DNA As An Archival Storage System
DNA is really coming along as a digital storage device. George Church and Sri Kosuri create strands of DNA that store 96 bits (bases represent binary values [T and G = 1, A and C = 0]).
Once in storage, as many copies as you like can be created. Church stored a copy of one of his books - about 700 kilobytes of data - and then made 70 billion copies.
(DNA archival storage video)
To read the data stored in DNA, you simply sequence it — just as if you were sequencing the human genome — and convert each of the TGAC bases back into binary. To aid with sequencing, each strand of DNA has a 19-bit address block at the start (the red bits in the image below) — so a whole vat of DNA can be sequenced out of order, and then sorted into usable data using the addresses.
For long-term archival storage, DNA is a pretty good medium, although the read/write cycle takes a bit longer than your typical SSD. And just think: about four grams of DNA theoretically could store the digital data humankind creates in one year.
Fantasy writer Barbara Hambly uses a similar idea in her 1982 Darwath trilogy. She describes how wizards succeeded in tying information to the DNA of selected individuals.
In the story, several people from 1980's California find themselves transported across the Void to another planet and the Realm of Darwath. They face a deadly species of queerly magical beings - the Dark - who destroyed civilization thousands of years ago. Everything that was made of paper (like books and records) were burned to stave off attacks by the Dark. Tying memories to a few suitable bloodlines was the only way to preserve a record of that period that would endure.
Church and Kosuri, on the other hand, reject the idea of using the DNA of living cells:
Although other projects have encoded data in the DNA of living bacteria, the Church team used commercial DNA microchips to create standalone DNA. “We purposefully avoided living cells,” Church said. “In an organism, your message is a tiny fraction of the whole cell, so there’s a lot of wasted space. But more importantly, almost as soon as a DNA goes into a cell, if that DNA doesn’t earn its keep, if it isn’t evolutionarily advantageous, the cell will start mutating it, and eventually the cell will completely delete it.”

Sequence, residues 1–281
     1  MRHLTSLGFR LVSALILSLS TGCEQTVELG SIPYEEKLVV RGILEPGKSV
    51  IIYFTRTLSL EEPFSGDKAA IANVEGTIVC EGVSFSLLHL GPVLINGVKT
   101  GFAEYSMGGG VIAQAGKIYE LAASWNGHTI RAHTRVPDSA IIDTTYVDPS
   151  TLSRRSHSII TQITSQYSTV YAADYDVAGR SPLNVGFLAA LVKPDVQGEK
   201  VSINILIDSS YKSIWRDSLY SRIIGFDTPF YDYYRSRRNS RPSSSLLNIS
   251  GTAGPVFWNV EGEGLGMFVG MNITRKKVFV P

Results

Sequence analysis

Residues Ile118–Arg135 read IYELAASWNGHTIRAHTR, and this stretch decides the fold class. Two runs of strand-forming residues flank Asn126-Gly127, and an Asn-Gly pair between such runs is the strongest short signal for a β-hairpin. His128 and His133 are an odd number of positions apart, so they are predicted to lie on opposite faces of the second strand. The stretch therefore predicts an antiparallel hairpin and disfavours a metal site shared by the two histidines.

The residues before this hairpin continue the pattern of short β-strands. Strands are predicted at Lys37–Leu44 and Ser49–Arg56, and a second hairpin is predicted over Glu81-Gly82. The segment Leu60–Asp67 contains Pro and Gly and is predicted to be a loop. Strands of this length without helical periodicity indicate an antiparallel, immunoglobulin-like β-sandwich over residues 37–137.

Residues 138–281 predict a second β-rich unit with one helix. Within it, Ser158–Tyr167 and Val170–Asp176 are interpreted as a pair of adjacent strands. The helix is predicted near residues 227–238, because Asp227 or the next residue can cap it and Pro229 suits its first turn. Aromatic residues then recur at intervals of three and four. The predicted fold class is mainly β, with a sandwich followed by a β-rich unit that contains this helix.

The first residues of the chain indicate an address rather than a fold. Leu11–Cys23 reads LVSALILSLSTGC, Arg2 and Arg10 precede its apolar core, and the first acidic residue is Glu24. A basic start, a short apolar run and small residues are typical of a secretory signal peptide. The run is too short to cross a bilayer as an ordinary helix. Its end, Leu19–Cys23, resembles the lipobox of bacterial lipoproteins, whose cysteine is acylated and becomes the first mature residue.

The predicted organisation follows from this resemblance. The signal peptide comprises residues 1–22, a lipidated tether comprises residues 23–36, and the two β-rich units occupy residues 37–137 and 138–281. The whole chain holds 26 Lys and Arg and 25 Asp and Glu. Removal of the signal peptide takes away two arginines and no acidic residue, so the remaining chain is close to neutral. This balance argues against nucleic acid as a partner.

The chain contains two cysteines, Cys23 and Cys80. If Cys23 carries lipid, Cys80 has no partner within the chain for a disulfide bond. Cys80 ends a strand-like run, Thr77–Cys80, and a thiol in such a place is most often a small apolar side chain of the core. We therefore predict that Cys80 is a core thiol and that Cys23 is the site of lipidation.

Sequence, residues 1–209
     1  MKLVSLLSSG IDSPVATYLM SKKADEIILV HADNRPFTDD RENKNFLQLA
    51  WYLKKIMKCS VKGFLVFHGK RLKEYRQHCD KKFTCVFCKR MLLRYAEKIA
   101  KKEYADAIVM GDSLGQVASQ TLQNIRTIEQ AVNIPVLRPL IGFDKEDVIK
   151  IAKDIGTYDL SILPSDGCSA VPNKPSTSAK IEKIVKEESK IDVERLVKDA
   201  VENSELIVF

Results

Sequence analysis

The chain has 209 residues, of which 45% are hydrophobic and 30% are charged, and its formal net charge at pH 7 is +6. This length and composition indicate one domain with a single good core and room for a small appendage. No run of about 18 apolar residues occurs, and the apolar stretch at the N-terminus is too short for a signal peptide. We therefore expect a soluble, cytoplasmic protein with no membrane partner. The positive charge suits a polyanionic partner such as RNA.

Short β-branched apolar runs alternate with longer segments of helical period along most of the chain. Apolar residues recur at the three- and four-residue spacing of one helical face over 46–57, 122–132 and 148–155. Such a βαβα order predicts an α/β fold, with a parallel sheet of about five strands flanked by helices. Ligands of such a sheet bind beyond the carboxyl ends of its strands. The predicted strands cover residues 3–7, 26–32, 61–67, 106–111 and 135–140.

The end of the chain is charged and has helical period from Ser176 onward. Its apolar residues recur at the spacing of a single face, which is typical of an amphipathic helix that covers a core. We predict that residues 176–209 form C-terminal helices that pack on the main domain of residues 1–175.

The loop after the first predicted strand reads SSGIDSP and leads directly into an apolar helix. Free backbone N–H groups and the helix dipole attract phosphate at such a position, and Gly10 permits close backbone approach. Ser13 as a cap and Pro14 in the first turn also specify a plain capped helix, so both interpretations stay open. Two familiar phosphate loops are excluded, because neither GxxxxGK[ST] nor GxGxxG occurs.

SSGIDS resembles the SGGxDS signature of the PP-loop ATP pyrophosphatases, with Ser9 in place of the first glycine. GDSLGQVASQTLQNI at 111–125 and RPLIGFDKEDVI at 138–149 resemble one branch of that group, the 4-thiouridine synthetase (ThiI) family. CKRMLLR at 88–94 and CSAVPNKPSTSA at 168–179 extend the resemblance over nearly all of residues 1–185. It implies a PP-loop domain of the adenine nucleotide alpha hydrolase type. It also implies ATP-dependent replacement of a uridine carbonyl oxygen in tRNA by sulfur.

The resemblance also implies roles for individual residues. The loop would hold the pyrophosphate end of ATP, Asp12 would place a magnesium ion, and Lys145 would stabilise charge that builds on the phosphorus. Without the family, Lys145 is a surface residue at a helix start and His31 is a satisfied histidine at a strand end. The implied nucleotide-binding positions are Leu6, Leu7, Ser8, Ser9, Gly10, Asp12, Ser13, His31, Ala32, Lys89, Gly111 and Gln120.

SF writers have long wished for high density data storage, of whatever medium. Consider the Schrön Loop from Dan Simmons' 1989 novel Hyperion and the memory diamond from Charles Stross' 2004 novel Iron Sunrise.
Via ExtremeTech and Harvard.
Scroll down for more stories in the same category. (Story submitted 8/18/2012)
Follow this kind of news @Technovelgy.
| Email | RSS | Blog It | Stumble | del.icio.us | Digg | Reddit |
you like to contribute a story tip?
Get the URL of the story, and the related sf author, and add
Comment/Join discussion ( 0 )
Related News Stories -
Sandisk 1 Terabyte SD Memory Card Surfaces
'They should be Welton Fine-Grains, or they would be too bulky to ship...' - Robert Heinlein, 1973.
Data Crystals Offer Eternal Storage
'The books were crystals with recorded contents...' - Stanislaw Lem, 1961.
Storing 1 Zettabyte In 10 Grams
'It is theoretically possible to have a matrix in which each individual molecule has a meaning...'- Robert Heinlein, 1951.
Six Terabyte Solid State Drive Just 2.5 Inches
'A man or woman could carry AIs or complete planetary dataspheres...'
Technovelgy (that's tech-novel-gee!)
is devoted to the creative science inventions and ideas of sf authors. Look for
the Invention Category that interests
you, the Glossary, the Invention
Timeline, or see what's New.
Honda To Offer Car With Emotions
'All the doors in this spaceship have a cheerful and sunny disposition.'
Just Eat And Starship Bring You Food Via Robot
'...its underside was studded with grilled sensors.'
Life In Detroit's 'Agrihood' - The First In The U.S.
'countless tiny brown circles in the green fields ...occasional ruins of ancient cities...'
Artificial 'Hairs' To Enhance Senses Of Robots
'Migul had extended from each of the fingertips an inch-long filament of wire...'
The Point Of View Of An Autonomous Car
'It is safe to say that the new model almost revolutionized America in more ways than one...'
You Can't Lose The Travelmate Autonomous Suitcase - It Follows You
'...follow him as faithfully as a well-trained hound.'
ibotn Toddler-Care Mini-Robot
'She's not like a machine. She's like a person. A living person.'
Nuclear Batteries Based On Diamonds Last Millennia
'they just package it and ship it around to wherever people want it...'
Eighth Sense Emotion-Responsive Cloak
'This sensitivity to mood explains the real popularity of bio-fabrics...'
British Airways To Offer An Ingestible Sensor To Passengers
The modern way to get feedback from passengers.
Unique DNA To Foil Parts Counterfeiters
'... the only molecule, a unique protein amino acid, which could not be duplicated.'
MIT Researchers Predict The Future From Still Photos
'What I have in this camera is not a record of what you did just now but what will go on here in the next half hour...'
Mini Robot Uses 2 mm Surgical Tools
'... surgical tool - blades, tweezers, probes - so fine you could just see them with the naked eye.'
Childhood Dreams Of Space Realized! Space Junk Problem Solved!
'Give the noble daydreams a rest, you preachy rookie. Astronauts are wage slaves like everyone else!'
Writhing Robotic Tentacle Uses Laser To Chop Nuke Hardware
'... long, flexible, glittering tentacles... swinging and rattling about its strange body.'
LBNP Device Not Quite 'Artificial Gravity'
'Joe got out the gravity-simulator harnesses..'
More SF in the News Stories
More Beyond Technovelgy science news stories